Infinite Ceiling on www.ckcufm.com every Thursday night at 8:30 with me or Mark Keill, archived shows: https://cod.ckcufm.com/programs/112/...tml?filter=all
    Electronic Meditation on www.ckcufm.com archived shows: https://cod.ckcufm.com/programs/462/...tml?filter=all

  15. #15
    Quote Originally Posted by Steve F. View Post


    start at 4:40 with lizard stomping music......
    That was very cool! I love these Amoeba WIMB clips, and did I read correctly? Josh Pollock is the host??

  16. #16
    Moderator Poisoned Youth's Avatar
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    Quote Originally Posted by smcfee View Post
    My favorite UZ.
    Always been mine as well.
    WANTED: Sig-worthy quote.

  17. #17
    My first taste of this band, and I never looked back. I sort of flip back and forth between Ceux du dehors and this as my favorite. I think the use of electronics was a new and interesting development, one which fully blossomed on the underrated follow-up Heatwave (marking Andy Kirk’s return to the band). “Emmanations” is a wild ride, but I love the whole album.
    Confirmed Bachelors: the dramedy hit of 1883...

  18. #18
    Member thedunno's Avatar
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    Great album! Probably my second favorite of theirs after Ceux du Dehors but the first 5 are all great.

    Presage and Emmanations are great tracks but my favorite is probably the dark and slow Célesta.

  19. #19
    Subterranean Tapir Hobo Chang Ba's Avatar
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    Quote Originally Posted by Steve F. View Post
    A really great album and my least favorite of the first five. That doesn't mean I don't enjoy the hell out of it.
    I would put their debut under this one, but even then it's very close.

    I wouldn't want to be without any of these five (or really any of their albums), though.
    No humor please, we're skittish.

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  20. #20
    Member Zeuhlmate's Avatar
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    Dont forget the album in between Ceux and Uzed



    I am not sure I have a favorite, the albums are quite different - I spin The Hard Quest and Rhythmix occasionally and even though they are quite different from both the first 2 (chamber), next 3 (more dynamic), and the more last 4 complex , I like them a lot.

  21. #21
    Member Steve F.'s Avatar
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    Quote Originally Posted by Hobo Chang Ba View Post
    I would put their debut under this one, but even then it's very close.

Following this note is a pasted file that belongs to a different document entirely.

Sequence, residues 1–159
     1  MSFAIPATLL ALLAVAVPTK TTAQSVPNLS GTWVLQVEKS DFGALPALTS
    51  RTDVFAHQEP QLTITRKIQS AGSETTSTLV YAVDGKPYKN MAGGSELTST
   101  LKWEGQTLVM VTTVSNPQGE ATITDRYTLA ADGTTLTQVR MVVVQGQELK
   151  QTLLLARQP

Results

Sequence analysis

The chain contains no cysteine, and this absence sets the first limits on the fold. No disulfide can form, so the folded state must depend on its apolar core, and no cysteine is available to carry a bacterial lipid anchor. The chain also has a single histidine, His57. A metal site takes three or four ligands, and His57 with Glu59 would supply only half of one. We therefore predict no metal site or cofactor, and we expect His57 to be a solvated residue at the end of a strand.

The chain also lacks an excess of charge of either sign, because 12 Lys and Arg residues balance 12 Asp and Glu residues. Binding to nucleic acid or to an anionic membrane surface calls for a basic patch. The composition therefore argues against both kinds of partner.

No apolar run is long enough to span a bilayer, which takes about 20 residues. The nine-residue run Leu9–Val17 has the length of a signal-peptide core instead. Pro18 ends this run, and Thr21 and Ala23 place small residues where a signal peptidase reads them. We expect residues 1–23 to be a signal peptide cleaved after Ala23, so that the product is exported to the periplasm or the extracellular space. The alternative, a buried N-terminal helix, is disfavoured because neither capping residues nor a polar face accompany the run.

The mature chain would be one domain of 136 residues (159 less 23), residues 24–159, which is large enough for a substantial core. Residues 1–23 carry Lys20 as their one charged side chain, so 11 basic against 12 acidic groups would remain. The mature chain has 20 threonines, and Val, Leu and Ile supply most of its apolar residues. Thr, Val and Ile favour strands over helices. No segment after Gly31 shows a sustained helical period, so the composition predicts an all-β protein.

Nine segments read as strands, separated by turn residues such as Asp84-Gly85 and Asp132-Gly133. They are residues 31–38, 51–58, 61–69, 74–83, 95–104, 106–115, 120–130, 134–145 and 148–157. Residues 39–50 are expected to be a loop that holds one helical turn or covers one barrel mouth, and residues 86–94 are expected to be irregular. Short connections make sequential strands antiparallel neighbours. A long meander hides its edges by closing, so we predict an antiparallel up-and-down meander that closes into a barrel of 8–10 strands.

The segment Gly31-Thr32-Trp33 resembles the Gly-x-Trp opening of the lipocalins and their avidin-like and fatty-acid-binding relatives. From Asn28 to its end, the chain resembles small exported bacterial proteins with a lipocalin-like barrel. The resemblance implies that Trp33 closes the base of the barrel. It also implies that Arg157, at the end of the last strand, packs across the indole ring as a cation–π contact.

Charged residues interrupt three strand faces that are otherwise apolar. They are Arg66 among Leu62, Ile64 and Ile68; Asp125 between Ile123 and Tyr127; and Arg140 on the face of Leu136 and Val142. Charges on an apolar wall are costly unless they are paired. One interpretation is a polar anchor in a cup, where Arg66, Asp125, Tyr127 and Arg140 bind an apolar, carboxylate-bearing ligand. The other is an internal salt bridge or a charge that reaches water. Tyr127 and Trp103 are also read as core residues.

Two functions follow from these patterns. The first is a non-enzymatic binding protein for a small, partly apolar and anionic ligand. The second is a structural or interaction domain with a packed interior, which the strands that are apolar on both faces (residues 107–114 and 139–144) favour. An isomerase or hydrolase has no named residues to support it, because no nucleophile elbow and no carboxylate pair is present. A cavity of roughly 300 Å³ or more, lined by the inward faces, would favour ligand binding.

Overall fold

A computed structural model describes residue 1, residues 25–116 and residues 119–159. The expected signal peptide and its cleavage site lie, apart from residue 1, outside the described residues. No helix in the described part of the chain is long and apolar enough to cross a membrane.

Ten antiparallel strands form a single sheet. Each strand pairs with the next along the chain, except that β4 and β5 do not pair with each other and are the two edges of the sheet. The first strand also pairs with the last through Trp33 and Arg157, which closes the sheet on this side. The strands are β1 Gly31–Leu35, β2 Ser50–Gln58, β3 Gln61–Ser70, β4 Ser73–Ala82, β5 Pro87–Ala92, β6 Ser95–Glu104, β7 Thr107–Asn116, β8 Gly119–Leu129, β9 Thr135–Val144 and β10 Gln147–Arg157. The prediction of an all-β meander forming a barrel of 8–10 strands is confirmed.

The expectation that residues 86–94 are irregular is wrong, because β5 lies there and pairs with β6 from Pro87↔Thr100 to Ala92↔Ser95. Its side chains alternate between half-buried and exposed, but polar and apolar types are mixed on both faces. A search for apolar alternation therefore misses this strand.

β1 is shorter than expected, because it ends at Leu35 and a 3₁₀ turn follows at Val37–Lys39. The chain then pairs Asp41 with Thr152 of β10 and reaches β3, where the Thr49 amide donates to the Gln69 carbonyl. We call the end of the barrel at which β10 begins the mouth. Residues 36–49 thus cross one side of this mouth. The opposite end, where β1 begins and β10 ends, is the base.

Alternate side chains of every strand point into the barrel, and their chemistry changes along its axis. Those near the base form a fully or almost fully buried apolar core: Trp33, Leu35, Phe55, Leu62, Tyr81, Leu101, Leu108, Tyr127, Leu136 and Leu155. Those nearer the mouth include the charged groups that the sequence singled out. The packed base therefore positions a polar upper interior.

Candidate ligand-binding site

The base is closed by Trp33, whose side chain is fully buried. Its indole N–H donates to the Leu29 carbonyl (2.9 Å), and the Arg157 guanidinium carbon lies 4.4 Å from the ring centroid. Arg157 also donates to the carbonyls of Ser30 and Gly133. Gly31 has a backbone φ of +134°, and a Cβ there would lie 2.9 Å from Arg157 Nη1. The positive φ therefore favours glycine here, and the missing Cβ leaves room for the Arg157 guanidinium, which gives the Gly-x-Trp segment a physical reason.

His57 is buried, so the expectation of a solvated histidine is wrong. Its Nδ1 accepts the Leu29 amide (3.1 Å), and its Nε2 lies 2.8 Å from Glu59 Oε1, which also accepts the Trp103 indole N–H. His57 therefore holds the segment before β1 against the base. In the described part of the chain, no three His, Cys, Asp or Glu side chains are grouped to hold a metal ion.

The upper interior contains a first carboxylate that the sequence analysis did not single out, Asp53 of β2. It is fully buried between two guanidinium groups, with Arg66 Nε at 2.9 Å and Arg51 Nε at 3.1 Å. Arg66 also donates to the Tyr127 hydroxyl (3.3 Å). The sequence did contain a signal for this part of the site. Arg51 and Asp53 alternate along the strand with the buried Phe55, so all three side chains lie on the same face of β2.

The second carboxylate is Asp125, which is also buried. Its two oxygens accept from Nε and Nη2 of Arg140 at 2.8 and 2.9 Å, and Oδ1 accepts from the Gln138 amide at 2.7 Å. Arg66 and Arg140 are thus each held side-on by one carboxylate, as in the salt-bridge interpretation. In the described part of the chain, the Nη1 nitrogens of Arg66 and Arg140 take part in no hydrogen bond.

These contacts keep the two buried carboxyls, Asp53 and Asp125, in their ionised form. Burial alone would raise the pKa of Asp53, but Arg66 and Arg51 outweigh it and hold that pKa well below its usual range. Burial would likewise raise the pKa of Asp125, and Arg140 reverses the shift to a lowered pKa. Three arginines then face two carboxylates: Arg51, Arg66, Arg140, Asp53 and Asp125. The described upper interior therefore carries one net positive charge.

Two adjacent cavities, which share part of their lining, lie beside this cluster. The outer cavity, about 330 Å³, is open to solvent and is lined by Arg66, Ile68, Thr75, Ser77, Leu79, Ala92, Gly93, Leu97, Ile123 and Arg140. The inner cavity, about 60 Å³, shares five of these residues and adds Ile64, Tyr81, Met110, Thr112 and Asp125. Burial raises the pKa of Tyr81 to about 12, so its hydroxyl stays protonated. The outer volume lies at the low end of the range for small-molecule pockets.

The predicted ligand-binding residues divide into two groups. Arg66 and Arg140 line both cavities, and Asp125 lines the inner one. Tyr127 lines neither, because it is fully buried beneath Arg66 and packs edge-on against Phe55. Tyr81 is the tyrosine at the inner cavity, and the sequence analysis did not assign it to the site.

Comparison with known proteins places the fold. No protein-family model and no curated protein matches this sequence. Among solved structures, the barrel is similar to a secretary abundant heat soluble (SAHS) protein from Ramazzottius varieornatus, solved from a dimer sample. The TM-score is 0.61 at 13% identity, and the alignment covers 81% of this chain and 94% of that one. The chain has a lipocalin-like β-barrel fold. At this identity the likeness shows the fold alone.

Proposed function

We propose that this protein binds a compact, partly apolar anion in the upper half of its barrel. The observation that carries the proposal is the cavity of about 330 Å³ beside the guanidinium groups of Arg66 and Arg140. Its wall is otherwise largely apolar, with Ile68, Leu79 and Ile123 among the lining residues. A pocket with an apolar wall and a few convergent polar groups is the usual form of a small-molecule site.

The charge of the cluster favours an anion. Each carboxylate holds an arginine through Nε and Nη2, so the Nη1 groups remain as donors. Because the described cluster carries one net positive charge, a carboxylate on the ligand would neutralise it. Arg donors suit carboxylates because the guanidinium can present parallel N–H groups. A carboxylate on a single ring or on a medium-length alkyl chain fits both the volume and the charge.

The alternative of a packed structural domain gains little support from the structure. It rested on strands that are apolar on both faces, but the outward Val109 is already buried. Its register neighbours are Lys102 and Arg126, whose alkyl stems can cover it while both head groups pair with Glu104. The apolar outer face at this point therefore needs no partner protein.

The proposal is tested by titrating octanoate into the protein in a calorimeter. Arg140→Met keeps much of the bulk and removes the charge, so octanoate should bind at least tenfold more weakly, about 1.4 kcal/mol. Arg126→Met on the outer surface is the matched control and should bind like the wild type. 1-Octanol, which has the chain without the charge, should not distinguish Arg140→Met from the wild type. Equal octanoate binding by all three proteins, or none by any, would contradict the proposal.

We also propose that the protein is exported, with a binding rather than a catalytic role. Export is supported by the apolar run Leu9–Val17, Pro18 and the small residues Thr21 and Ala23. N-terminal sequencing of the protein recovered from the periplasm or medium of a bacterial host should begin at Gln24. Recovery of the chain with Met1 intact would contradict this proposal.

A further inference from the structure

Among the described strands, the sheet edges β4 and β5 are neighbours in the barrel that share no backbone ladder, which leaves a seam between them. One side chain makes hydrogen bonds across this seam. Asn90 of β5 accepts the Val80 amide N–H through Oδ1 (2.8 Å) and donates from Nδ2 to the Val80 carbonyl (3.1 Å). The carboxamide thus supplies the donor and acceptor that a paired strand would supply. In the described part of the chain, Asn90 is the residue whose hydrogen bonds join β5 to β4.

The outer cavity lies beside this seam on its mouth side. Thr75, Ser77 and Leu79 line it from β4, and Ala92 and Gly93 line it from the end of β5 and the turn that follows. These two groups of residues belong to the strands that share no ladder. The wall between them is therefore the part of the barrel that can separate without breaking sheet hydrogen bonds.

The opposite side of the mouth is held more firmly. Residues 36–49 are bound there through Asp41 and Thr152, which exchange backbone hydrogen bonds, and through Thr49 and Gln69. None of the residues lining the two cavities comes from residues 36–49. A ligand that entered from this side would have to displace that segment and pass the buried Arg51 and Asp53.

As I get older, continue to I rediscover the joy I got out of that 'so outta its or any other time' debut when I first heard it in 1978. And I really like the remix of it a lot, which for me didn't lose anything and added much.

    It's currently the fave just for the atmosphere and the general 'huh' of that coming out in 1977.
    Steve F.

    www.waysidemusic.com
    www.cuneiformrecords.com

    - - - - - - - - - - - - - - -

    This space for rent: Well established location. Perfect opportunity for an up and coming smart-ass to benefit from our years of provocation!

    "You run a great label, but sometimes you go out of your way to be a jerk." - Jed Levin

    "Death to false 'support the scene' prog!"

    please add 'imo' wherever you like, to avoid offending those easily offended.

  22. #22
    Quote Originally Posted by Steve F. View Post
    the general 'huh' of that coming out in 1977.
    I can only imagine.

    The debut was the first UZ I got, on vinyl back in 1994 from Swedish retailer Record Heaven's "used rarities" bin. It's a bit hissy and wornout on the rills, so I usually spin the CD - yet when I do play the vinyl it's a feast going on. This was always my fave of theirs, and still today one of the most amazing and bizarre records I ever owned with any possible connection whatsoever to the estranged and fluctuating medium of rock music. Was/is it even rock music? Well yes, in the wake of the endeavour of progressive rock developments - entailing artists as stylistically outlandish as Third Ear Band, Tangerine Dream, Mike Oldfield, Gryphon, Flairck or Penguin Café Orchestra - it certainly was. And the post-rock generation took to new angles of acknowledgement with acts like Rachel's or Main or LaBradford.